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Thoughts on the Dark Art of SEO

Search Engine Optimization, or SEO for short, covers all measurements that aim at making your website appear at a better position among the organic, or unpaid, results of a search engine when particular keywords are entered. In SEO terms, this is called making your website rank higher.

How search engines work

The reason behind the desire to rank higher is that the higher your website ranks, the higher the probability is users will see your listing and click on it to visit your website. Obviously, increasing the number of visitors will in turn hopefully increase the number of sales or signups, called conversions. Increasing the number of conversions usually is the ultima ratio driving SEO efforts.

To understand how SEO works, it is vital to understand how search engines work. A search engine like Google takes one or more search terms and gives a list of results in return. The list of results is ordered by relevance, starting with the results the search engine considers as most relevant. The compile the list of relevant pages, the search engine has to compute the relevance of each page on the web with respect to the search terms entered as a numeric value. It then sorts the list of pages according to their relevance value. Pages with higher values for relevance will rank better.

To be anyhow useful, the way a search engine computes relevance values needs to reflect the user’s common understanding about relevance. For example, when searching for the term ‘apple’, computing the relevance of both the website of Apple, Inc. as well as the Wikipedia article about apples should result in high values because the sole word ‘apple’ could refer to both. Contrary to that, when searching for ‘apple computer’, the user is likely not interested in web pages about gardening but rather in the website of the computer company. The relevance computation should therefore result in a high value for that site and a low value for web pages about gardening.

The computation method (or algorithm) the search engine employs for obtaining relevance should also avoid being spoofed. In the early days of the web search engines looked at text on pages only. Adding the text ‘Apple Computer’ somewhere on your site about gardening was likely to rank your site higher on searches for ‘apple computer’. Algorithms used for computing relevance in modern search engines do not fall for such simple manipulation attempts anymore. Instead, they are able to filter out the main topic a page is about, and to understand the meaning of (at least some) search terms as well.

What to base SEO on

SEO aims at improving rankings for a particular site or web page related to certain keywords. Strictly speaking, this could be viewed as cheating (even though entirely legal). As we all know cheating works best if you know about the system or person you cheat. If how search engines work were to be known publicly, cheating was so easy that search engines would become useless. Therefore, search engines keep their technology secret.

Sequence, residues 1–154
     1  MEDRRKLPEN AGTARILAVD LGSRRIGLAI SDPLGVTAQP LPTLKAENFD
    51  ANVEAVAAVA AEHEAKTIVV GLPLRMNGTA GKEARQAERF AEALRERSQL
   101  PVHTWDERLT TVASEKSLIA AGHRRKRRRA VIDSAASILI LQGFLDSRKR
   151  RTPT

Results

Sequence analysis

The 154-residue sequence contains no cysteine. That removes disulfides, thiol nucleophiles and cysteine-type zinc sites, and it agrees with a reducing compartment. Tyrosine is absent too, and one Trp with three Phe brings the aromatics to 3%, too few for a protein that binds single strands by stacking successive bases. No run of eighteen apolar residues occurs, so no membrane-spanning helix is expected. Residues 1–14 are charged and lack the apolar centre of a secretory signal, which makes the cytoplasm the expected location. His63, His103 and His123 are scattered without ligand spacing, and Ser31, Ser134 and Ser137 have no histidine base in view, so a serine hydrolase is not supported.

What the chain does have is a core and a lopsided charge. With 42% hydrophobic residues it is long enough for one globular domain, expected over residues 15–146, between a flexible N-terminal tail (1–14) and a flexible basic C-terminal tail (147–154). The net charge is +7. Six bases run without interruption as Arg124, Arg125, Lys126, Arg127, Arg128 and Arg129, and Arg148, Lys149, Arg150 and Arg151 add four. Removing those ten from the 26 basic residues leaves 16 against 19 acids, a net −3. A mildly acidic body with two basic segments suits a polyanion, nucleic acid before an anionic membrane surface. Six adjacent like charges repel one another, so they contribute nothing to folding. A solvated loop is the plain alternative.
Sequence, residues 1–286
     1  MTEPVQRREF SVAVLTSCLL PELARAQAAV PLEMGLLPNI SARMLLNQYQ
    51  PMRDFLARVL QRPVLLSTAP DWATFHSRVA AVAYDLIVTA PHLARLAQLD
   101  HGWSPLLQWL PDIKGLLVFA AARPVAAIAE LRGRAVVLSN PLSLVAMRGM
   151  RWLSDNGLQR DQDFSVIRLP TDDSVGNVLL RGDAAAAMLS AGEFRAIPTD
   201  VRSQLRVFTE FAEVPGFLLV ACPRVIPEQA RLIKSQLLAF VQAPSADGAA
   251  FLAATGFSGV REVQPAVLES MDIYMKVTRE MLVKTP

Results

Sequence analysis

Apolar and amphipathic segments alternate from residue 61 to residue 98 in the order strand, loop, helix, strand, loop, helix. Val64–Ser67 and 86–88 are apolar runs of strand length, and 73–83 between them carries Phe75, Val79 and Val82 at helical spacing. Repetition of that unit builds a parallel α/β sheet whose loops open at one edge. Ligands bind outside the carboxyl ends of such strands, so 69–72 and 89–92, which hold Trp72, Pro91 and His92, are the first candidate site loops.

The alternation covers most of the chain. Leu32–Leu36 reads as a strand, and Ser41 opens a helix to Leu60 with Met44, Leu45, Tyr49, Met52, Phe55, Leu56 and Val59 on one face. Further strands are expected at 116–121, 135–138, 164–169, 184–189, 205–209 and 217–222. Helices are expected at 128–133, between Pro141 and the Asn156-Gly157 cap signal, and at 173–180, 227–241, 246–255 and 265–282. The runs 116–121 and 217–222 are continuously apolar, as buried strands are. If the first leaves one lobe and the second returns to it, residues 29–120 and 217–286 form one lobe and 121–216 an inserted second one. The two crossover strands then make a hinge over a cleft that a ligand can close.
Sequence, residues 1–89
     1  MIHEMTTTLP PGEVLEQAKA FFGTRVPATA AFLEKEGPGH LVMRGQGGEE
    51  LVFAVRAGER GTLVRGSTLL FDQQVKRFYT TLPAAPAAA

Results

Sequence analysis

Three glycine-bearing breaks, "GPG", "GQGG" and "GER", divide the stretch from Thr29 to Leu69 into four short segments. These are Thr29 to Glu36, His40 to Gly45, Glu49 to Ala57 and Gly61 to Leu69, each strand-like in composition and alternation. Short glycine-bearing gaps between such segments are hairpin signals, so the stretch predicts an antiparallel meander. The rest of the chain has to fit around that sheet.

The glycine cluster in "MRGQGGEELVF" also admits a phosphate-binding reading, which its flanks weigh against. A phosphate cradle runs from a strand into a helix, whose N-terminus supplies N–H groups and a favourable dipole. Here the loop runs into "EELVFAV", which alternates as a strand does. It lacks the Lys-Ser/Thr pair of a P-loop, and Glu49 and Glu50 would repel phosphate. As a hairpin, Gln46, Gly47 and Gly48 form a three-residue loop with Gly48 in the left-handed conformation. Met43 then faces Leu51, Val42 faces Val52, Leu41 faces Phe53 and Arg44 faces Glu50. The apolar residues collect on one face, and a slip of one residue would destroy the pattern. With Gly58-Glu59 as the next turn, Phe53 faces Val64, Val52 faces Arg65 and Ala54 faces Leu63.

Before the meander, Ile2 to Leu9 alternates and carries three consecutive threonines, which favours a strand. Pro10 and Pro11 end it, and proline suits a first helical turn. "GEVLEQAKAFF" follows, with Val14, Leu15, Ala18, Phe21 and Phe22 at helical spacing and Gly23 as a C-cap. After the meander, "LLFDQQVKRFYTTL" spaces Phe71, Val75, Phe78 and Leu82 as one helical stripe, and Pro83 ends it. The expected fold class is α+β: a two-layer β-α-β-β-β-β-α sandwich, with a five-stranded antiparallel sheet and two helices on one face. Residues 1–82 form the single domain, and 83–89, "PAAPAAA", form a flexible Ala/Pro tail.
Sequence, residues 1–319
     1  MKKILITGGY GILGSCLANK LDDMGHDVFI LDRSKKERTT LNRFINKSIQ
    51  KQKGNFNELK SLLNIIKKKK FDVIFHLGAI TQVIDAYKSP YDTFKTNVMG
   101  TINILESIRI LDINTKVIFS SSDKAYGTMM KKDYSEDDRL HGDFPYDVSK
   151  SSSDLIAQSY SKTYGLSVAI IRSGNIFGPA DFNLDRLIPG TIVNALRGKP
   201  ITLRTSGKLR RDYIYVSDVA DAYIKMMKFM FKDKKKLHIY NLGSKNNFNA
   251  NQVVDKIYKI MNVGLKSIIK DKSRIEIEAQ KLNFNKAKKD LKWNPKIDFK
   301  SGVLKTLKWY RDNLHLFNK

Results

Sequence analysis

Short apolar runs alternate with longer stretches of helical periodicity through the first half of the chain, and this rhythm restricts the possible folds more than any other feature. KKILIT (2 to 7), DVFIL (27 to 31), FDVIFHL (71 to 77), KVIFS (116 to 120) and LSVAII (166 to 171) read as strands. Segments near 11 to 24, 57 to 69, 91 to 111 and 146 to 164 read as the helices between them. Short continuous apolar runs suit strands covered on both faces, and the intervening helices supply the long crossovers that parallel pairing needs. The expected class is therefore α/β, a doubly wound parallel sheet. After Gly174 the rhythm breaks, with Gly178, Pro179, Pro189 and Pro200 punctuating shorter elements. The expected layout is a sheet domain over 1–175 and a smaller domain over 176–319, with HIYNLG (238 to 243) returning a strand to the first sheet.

So what to base SEO on if we do not know about the technology to cheat? Luckily, as we have seen, the algorithms in search engines need to compute relevance like a human user would do it. Thinking about what users would prefer and how users would judge page relevance is therefore a vital part of SEO. Furthermore, search engines publish recommendations on how to build sites to allow good indexing.

SEO measurements

SEO measurements based on assumptions about how search engines compute relevance divide into five categories:

  • technical measurements
  • information design measurements
  • editorial measurements
  • networking measurements
  • continuous monitoring and improvement

Technical measurements ensure that the site’s contents are accessible for a search engine in a good way. That means that we do not encode or encrypt text content, that we do not protect any important images from downloading, that we program the website according to web standards, and so on. In recent days, even factors like page loading speed, server response times and so seem to be included in relevance computation.

Information design measurements care for that the site nicely splits into pages that search engines can summarize under a single topic. Furtherly, information design measurements make sure all the pages on a site are linked well along thematic aspects, that sites are split into sections or subdomains if they cover many different topics, and so on.

Editorial measurements affect the contents of the site. Well-written copy that goes nicely with the structure of the site and makes use of keywords your site should rank good on has proven to work best. Amending content with outgoing links to relevant resources on the web seems to work as well. In the times of social media and real-time updates, frequent updates with relevant content are also expected to make pages rank higher.

Networking measurements aim at achieving a higher relevance in search engines through linking your website from others websites, blogs, and social media like Twitter and Facebook. Direct links to your website from other websites (partner sites, for instance) are generally viewed as good ways to increase relevance. Mentionings in social media, on the other hand, direct people to your website. Even more they influence relevance computation indirectly as your happy new visitors might mention you on social media channels as well, which then again will count for relevance.

Not being a real measurement but a continuous task, monitoring and improving the site’s usage statistics on a periodical basis is crucial for keeping the site ranking high. Also, continuous monitoring allows to identify chances to improve rankings.

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